But are those grounds for a recall? The Oakland Tribune editorial board doesn’t think so; it came out strongly against the recall last week. The Tribune stated that a mayor should only be recalled if she is corrupt or incompetent, and said that Quan is neither. Similarly, Alameda County labor leaders vowed this week to help the mayor fend off the recall campaign, Bay City News reported. Josie Camacho, executive director of the Alameda County Labor Council, which represents 120 unions with 120,000 members, called the recall “a waste of time and a waste of resources.”
We couldn’t agree more.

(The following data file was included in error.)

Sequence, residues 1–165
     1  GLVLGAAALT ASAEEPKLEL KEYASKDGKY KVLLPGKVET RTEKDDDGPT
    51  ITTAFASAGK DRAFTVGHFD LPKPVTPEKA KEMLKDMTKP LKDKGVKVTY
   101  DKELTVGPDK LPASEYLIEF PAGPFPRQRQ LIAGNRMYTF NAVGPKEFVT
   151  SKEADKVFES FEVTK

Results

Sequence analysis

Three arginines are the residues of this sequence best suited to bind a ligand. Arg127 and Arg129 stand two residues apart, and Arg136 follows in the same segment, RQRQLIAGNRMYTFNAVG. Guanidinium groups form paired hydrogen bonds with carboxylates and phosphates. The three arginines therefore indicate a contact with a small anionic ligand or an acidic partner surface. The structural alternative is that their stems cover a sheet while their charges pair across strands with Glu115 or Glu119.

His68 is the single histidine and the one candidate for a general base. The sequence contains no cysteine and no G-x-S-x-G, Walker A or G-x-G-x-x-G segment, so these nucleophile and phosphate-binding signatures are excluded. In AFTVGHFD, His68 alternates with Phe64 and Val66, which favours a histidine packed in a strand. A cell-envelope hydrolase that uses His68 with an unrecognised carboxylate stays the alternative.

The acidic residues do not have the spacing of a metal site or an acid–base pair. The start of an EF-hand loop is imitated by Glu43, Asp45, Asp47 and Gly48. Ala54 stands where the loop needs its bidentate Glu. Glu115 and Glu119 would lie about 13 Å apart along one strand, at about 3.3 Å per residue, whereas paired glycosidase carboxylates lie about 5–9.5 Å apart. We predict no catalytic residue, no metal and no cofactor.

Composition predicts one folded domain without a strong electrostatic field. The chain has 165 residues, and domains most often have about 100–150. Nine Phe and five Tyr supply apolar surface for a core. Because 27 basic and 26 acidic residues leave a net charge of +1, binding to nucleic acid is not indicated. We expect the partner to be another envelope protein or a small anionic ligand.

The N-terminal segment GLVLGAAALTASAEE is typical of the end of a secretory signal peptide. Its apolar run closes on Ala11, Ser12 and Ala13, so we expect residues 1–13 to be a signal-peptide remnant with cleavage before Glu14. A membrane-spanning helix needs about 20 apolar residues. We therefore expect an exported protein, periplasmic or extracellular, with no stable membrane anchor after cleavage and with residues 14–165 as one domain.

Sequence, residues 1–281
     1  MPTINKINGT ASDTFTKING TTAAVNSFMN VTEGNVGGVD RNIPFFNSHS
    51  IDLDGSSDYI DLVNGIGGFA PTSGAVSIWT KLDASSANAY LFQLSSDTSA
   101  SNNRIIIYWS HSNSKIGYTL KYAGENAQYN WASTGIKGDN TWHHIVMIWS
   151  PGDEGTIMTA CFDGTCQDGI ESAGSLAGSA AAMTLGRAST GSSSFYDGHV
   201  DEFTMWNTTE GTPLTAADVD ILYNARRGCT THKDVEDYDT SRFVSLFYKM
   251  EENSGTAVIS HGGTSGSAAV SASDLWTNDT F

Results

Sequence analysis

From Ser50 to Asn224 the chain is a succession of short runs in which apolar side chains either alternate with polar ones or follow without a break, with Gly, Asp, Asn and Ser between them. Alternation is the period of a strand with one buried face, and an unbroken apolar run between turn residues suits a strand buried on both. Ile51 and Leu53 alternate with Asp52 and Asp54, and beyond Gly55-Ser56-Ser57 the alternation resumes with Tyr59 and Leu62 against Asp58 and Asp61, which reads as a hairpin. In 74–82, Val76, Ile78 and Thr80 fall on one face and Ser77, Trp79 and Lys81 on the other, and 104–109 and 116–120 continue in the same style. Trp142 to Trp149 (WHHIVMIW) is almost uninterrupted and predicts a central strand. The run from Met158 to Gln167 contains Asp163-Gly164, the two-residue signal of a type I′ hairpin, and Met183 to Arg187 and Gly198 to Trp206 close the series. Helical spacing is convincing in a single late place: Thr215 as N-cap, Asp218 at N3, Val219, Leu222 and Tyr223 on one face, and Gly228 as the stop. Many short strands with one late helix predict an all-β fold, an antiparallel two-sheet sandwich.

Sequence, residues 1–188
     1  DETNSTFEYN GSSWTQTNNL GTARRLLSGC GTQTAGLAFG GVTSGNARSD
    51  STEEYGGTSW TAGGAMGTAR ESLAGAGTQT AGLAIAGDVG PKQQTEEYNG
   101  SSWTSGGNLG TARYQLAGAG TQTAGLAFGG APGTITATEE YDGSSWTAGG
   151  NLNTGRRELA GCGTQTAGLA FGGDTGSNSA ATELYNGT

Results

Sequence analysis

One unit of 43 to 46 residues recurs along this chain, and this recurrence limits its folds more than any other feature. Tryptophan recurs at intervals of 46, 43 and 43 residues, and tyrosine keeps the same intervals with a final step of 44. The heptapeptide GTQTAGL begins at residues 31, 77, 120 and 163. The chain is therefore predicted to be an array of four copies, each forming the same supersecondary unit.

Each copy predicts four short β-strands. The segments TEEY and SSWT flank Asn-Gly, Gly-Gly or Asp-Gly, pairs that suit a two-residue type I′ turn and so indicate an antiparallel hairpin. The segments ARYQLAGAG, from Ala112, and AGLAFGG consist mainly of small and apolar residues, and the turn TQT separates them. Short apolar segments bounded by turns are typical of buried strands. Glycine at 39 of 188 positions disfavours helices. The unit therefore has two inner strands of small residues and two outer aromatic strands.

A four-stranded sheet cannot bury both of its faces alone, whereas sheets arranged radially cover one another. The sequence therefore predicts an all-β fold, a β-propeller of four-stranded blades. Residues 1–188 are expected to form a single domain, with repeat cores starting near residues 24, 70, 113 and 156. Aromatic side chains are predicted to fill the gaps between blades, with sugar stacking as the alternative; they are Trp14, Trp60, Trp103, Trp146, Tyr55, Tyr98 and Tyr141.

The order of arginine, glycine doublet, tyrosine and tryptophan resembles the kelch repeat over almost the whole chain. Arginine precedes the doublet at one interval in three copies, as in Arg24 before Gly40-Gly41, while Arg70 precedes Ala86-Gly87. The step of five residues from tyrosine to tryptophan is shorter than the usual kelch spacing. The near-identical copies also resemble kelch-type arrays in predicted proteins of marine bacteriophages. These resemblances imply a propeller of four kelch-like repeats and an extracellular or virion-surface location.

Not only are there two recall campaigns involving three groups against Quan, but angry parents have launched a recall effort against five Oakland school board members. The Trib reported that the parents are upset at the board members for voting to close five schools. … A judge refused to issue an injunction against Oakland police for allegedly violating its own crowd-control policies during two Occupy protests, the Trib reported. Judge Richard Seeborg ruled that the ACLU and the National Lawyers’ Guild could not prove that OPD systematically ignored its policies — as required for an injunction. … Chevron, one of the world’s largest corporations, is demanding a $50 million property tax refund for its Richmond refinery, Bay City News reported. … About two hundred workers are being fired at Pacific Steel and Casting in Berkeley this holiday season following an immigration crackdown at the plant, the Contra Costa Times reported. … Governor Jerry Brown announced that state budget cuts to K-12 education will not be as severe as some had thought because the California economy is showing signs of recovery. The San Francisco Chronicle reported that the state will slash about $327 million from public schools — not $1 billion as many had feared. Other cuts include $100 million each to the UC and CSU systems, and $102 million to community colleges. … In recognition that many students can no longer afford UC Berkeley, the campus has decided to offer tuition discounts for the first time to those who come from middle-class families, the Chronicle reported. … State officials have declared Telegraph Avenue in Berkeley to be a disaster zone in the wake of last month’s massive fire that destroyed an apartment building and several small businesses, Berkeleyside reported. … Alameda County retailers will be required to charge ten cents to customers who want their purchases put in plastic bags, beginning January 1, 2013, under a new rule adopted by the Alameda County Waste Management Authority, the Trib reported. In addition, owners of multifamily buildings will be required to begin recycling paper and other recyclables next July, and to compost food and green waste in 2014. … And Warren Hellman, the San Francisco financier who launched the Hardly Strictly Bluegrass Festival and the Bay Citizen news website, died of complications from leukemia. He was 77.